The first step with any new hardware is the 'hello world' of electronics - blinking an LED. This is very easy with CircuitPython and Raspberry Pi. We'll extend the example to also show how to wire up a button/switch and enable a pull-up resistor.

Even if you use a different library to create digital in/outs like GPIO Zero, there's a number of sensor libraries that use a digital pin for resetting, or for a chip-select. So it's good to have this part working!

Parts Used

Any old LED will work just fine as long as its not an IR LED (you can't see those) and a 470 to 2.2K resistor

Need some big indicators? We are big fans of these huge diffused blue LEDs. They are really bright so they can be seen in daytime, and from any angle. They go easily into a breadboard...
ΩMG! You're not going to be able to resist these handy resistor packs! Well, axially, they do all of the resisting for you!This is a 25 Pack of...

Some tactile buttons or switches

Medium-sized clicky momentary switches are standard input "buttons" on electronic projects. These work best in a PCB but

We recommend using a breadboard and some female-male wires.

Handy for making wire harnesses or jumpering between headers on PCB's. These premium jumper wires are 6" (150mm) long and come in a 'strip' of 40 (4 pieces of each of ten rainbow...

You can use a Cobbler to make this a little easier, the pins are then labeled!

The Raspberry Pi B+ has landed on the Maker World like a 40-GPIO pinned, quad-USB ported, credit card sized bomb of DIY joy. And while you can use most of our great Model B accessories...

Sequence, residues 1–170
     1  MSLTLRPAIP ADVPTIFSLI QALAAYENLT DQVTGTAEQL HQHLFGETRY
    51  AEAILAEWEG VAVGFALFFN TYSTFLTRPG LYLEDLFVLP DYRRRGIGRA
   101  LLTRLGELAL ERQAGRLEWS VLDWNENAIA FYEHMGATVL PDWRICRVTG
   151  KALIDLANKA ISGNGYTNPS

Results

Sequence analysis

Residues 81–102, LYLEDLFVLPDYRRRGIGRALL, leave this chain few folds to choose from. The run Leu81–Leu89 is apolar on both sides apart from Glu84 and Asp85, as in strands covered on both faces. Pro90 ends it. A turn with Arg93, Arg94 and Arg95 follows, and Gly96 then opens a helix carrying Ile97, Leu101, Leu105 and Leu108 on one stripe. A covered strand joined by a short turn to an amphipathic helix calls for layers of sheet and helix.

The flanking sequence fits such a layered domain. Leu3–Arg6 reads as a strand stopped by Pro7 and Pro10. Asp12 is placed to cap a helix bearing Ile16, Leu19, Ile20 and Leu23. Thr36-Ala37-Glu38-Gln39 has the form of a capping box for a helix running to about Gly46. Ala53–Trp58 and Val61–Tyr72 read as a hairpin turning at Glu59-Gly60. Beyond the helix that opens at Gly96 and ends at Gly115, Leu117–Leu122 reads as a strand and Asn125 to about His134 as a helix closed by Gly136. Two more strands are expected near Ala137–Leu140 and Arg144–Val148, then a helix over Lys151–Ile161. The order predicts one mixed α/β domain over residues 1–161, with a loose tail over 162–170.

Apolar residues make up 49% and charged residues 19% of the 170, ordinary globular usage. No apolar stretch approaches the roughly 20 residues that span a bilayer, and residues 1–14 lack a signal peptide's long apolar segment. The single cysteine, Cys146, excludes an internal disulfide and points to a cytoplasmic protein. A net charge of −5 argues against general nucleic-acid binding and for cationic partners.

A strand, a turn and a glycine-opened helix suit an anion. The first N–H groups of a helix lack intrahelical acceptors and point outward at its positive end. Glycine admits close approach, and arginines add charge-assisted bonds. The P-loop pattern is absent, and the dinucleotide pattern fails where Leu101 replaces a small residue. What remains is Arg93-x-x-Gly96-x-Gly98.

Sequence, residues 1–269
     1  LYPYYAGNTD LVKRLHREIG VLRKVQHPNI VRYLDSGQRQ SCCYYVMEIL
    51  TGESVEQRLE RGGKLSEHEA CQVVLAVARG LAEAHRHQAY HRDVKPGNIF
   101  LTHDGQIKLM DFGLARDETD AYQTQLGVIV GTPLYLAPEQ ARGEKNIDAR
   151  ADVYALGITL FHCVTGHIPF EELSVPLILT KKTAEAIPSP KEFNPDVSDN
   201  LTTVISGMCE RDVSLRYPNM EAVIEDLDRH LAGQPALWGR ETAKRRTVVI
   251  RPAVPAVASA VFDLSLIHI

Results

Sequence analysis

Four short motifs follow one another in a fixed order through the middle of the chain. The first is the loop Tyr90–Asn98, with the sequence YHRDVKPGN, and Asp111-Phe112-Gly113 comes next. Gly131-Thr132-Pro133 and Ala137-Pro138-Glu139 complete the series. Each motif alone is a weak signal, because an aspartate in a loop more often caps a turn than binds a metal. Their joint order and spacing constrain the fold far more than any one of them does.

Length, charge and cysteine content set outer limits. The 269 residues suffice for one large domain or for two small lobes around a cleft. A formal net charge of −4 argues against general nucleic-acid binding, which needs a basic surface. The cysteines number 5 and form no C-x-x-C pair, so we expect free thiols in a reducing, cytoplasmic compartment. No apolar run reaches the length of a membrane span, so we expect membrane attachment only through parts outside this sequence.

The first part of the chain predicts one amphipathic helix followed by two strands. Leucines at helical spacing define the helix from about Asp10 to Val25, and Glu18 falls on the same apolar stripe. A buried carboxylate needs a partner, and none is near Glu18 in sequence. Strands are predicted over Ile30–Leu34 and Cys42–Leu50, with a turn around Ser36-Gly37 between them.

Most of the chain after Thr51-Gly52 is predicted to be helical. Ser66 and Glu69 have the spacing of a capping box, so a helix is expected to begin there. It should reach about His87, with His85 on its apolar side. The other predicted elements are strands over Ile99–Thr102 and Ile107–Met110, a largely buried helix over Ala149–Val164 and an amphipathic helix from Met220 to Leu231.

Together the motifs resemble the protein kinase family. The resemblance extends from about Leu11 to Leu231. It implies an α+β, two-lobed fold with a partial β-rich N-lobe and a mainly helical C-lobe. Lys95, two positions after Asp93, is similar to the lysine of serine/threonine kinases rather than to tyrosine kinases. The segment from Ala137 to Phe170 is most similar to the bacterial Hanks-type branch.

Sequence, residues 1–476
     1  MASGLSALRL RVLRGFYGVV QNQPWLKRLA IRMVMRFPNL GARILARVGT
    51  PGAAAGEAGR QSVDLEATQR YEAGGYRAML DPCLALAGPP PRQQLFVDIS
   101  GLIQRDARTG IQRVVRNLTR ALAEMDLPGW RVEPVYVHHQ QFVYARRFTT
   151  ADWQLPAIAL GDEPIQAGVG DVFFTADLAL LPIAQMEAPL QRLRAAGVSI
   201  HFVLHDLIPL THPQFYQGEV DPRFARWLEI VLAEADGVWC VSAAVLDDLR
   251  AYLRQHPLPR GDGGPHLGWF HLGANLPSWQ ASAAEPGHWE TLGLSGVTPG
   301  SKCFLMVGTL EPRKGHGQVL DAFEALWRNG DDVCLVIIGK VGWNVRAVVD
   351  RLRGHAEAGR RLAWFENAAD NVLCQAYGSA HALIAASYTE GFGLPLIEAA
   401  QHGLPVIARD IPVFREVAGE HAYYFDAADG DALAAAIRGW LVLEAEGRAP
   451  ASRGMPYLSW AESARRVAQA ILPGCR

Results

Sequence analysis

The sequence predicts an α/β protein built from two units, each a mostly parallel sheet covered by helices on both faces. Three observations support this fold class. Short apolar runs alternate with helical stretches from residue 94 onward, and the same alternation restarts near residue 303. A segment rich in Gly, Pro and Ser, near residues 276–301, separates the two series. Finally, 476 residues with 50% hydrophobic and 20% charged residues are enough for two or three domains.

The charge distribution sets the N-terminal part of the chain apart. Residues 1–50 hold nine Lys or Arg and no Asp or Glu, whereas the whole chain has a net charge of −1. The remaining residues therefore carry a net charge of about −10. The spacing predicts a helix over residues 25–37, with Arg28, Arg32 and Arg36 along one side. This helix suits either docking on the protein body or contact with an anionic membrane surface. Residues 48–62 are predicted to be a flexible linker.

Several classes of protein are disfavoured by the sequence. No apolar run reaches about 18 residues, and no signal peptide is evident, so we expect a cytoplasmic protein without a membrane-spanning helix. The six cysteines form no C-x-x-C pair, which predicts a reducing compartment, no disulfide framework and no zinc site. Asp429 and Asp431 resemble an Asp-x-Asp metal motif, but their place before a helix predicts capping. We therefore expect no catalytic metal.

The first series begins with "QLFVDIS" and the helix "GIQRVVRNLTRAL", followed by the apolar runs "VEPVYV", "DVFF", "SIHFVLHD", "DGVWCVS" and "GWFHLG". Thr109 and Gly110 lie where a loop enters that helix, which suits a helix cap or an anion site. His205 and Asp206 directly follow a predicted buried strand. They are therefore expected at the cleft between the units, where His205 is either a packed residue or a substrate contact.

This is the assembled version of the Pi T-Cobbler Plus.  It only works with the Raspberry Pi Model Zero, A+, B+, Pi 2, Pi 3 & Pi 4! (Any Pi with 2x20...

Wiring

Connect the Raspberry Pi Ground pin to the blue ground rail on the breadboard.

  • Connect one side of the tactile switch to Raspberry Pi GPIO #4
  • Connect the other side of the tactile switch to the ground rail
  • Connect the longer/positive pin of the LED to Raspberry Pi GPIO #18
  • Connect the shorter/negative pin of the LED to a 470ohm  to 2.2K resistor, the other side of the resistor goes to ground rail

Double-check you have the right wires connected to the right location, it can be tough to keep track of Pi pins as there are forty of them!

No additional libraries are needed so we can go straight on to the example code

However, we recommend running a pip3 update!

pip3 install --upgrade adafruit_blinka

Blinky Time!

The finish line is right up ahead, lets start with an example that blinks the LED on and off once a second (half a second on, half a second off):

Download: file
import time
import board
import digitalio

print("hello blinky!")

led = digitalio.DigitalInOut(board.D18)
led.direction = digitalio.Direction.OUTPUT

while True:
    led.value = True
    time.sleep(0.5)
    led.value = False
    time.sleep(0.5)

Verify the LED is blinking. If not, check that it's wired to GPIO #18, the resistor is installed correctly, and you have a Ground wire to the Raspberry Pi.

Type Control-C to quit

Button It Up

Now that you have the LED working, lets add code so the LED turns on whenever the button is pressed

Download: file
import time
import board
import digitalio

print("press the button!")

led = digitalio.DigitalInOut(board.D18)
led.direction = digitalio.Direction.OUTPUT

button = digitalio.DigitalInOut(board.D4)
button.direction = digitalio.Direction.INPUT
button.pull = digitalio.Pull.UP

while True:
    led.value = not button.value # light when button is pressed!

Press the button - see that the LED lights up!

Type Control-C to quit

This guide was first published on Jun 30, 2018. It was last updated on Jun 30, 2018.

This page (Digital I/O) was last updated on Nov 06, 2020.